Mozilla is striking back against PRISM, the secret government program that collects data from the world’s leading Internet companies to spy on U.S. citizens. The Mountain View, Calif.-based software company, known for the Firefox Web browser, launched StopWatching.US on Tuesday to demand full disclosure on which data, communications and interactions are being monitored by the government.
“The revelations about the National Security Agency’s surveillance apparatus, if true, represent a stunning abuse of our basic rights,” the website said. “We demand the U.S. Congress reveal the full extent of the NSA’s spying programs.”
Mozilla is hoping to spark the same enthusiasm it achieved in its successful campaigns against SOPA and PIPA, two anti-piracy bills that were shot down by Congress. Mozilla and others were able to rally hundreds of thousands of people to reach out to their elected officials in that campaign.
“We need to rekindle that energy more than ever so our elected officials take the necessary actions to illuminate how current surveillance polices are being implemented,” Alex Fowler, Mozilla’s privacy and public policy leader, wrote in a blog post.
Fowler detailed four levels of exposure online. The first three levels of online exposure to the government include public online logging activities, geolocation, and unintentionally over-sharing on social networks. Fowler writes how these are pretty well understood, and users can learn about them by reading privacy policies and terms of service for various websites. There are also services that users can use to hide their activity.
Fowler wrote that there is a fourth level that is much more serious: governments, law enforcement and intelligence agencies accessing the private data of U.S. citizens. This kind of exposure is more serious because the government requires companies to give up such data with a court order.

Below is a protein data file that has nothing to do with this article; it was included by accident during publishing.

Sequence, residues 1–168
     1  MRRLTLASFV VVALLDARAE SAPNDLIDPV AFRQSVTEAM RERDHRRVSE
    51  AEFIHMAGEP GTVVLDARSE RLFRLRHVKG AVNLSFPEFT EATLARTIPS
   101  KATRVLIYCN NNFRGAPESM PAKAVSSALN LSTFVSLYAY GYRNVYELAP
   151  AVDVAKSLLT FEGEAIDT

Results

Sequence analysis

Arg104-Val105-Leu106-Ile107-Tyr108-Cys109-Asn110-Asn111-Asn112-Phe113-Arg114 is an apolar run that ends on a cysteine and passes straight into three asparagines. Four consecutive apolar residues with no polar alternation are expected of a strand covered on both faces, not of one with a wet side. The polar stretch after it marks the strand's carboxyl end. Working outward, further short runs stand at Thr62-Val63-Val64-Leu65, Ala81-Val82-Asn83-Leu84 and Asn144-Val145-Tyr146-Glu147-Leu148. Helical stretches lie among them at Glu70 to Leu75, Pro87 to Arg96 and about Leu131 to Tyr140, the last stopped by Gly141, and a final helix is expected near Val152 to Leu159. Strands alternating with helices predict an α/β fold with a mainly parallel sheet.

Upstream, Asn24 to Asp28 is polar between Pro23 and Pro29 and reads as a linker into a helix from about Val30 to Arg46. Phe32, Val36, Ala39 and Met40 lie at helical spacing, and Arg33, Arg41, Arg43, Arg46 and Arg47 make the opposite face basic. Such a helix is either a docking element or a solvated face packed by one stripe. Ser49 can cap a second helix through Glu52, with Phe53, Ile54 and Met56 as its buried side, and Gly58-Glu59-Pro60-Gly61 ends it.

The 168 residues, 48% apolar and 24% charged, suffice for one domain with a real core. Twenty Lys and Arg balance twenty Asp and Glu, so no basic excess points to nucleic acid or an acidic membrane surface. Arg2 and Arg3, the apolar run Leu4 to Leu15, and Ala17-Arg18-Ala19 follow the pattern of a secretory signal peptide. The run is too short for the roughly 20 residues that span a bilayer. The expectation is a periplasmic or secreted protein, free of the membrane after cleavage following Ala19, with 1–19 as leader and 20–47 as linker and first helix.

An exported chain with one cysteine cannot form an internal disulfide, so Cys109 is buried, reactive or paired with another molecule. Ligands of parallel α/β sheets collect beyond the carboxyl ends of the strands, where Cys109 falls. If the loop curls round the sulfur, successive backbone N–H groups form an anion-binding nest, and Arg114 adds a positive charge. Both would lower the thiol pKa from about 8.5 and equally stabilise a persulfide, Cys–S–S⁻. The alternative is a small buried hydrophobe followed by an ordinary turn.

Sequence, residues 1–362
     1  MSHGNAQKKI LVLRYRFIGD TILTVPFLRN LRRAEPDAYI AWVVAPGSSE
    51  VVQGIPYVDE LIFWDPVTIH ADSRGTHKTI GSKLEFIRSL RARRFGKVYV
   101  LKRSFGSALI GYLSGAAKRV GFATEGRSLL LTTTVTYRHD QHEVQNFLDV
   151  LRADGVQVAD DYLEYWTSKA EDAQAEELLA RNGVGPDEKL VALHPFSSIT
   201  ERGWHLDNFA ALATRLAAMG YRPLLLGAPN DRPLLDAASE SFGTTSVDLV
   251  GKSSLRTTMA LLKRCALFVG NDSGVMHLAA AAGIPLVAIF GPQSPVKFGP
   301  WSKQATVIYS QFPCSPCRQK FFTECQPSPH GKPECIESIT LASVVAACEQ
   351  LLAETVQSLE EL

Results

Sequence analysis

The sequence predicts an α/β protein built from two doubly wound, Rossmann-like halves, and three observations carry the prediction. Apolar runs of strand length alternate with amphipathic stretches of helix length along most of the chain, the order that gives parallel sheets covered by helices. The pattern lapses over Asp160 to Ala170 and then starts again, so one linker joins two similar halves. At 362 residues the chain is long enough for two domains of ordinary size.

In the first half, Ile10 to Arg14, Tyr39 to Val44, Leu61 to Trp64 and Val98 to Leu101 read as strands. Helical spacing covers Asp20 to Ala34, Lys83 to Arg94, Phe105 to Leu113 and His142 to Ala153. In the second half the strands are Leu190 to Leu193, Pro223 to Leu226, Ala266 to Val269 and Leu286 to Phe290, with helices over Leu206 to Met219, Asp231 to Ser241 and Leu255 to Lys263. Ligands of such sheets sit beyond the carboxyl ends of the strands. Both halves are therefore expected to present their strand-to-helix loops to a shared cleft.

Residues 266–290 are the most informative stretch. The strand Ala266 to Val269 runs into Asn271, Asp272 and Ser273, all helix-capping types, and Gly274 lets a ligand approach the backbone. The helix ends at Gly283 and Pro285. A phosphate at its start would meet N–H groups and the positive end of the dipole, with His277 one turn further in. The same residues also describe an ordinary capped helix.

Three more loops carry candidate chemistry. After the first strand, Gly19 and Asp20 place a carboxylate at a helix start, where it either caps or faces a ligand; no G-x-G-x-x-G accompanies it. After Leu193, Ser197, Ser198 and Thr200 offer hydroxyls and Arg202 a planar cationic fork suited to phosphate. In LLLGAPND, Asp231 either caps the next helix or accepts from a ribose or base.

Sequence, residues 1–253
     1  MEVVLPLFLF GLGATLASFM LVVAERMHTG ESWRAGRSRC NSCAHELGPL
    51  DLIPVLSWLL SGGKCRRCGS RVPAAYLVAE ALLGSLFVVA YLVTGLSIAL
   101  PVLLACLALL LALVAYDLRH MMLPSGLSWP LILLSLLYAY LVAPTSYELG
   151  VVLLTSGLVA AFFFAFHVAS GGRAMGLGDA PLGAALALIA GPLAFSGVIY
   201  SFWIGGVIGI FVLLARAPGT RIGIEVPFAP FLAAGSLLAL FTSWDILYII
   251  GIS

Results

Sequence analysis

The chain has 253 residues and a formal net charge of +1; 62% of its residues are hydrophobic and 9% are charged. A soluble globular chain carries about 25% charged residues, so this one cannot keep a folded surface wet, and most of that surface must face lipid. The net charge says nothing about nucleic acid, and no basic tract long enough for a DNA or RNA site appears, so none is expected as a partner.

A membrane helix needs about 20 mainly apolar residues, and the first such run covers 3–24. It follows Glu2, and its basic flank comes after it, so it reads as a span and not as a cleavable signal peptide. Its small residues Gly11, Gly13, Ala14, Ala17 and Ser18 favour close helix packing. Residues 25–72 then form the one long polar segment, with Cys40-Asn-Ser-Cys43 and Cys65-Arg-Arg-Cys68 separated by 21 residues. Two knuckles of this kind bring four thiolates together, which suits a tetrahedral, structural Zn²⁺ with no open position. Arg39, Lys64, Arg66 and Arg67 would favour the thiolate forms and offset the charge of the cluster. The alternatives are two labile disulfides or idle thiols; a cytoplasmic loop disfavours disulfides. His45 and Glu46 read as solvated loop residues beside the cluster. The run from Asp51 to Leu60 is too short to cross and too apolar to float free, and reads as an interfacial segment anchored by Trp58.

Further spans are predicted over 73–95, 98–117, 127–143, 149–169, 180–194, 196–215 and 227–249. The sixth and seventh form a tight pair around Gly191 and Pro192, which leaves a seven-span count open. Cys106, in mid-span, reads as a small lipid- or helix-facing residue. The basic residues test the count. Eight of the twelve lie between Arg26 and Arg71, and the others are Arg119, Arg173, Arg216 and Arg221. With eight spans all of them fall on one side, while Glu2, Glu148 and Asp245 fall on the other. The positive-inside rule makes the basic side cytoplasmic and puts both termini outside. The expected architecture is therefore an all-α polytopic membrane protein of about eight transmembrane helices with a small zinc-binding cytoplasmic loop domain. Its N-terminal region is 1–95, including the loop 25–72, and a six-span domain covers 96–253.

The problem is that the Internet is making it much easier for the government to run this sort of surveillance, even as there is much more data for governments to collect than ever before. Also, users don’t have good ways of knowing what’s happening. These decisions happen behind closed doors, and the court orders often don’t allow companies to inform users.
Fowler said in the blog post that Mozilla has not received any such court orders, but it realizes that it could very well happen. The company has been committed to protecting user privacy and was named the “most trusted Internet company for privacy” in 2012. Mozilla has also been adamant about including privacy features in the Firefox browser, such as “Do Not Track.”
“Mozilla believes in an Internet where we do not have to fear that everything we do is being tracked, monitored and logged by either companies or governments,” Fowler wrote. “And we believe in a government whose actions are visible, transparent and accountable.”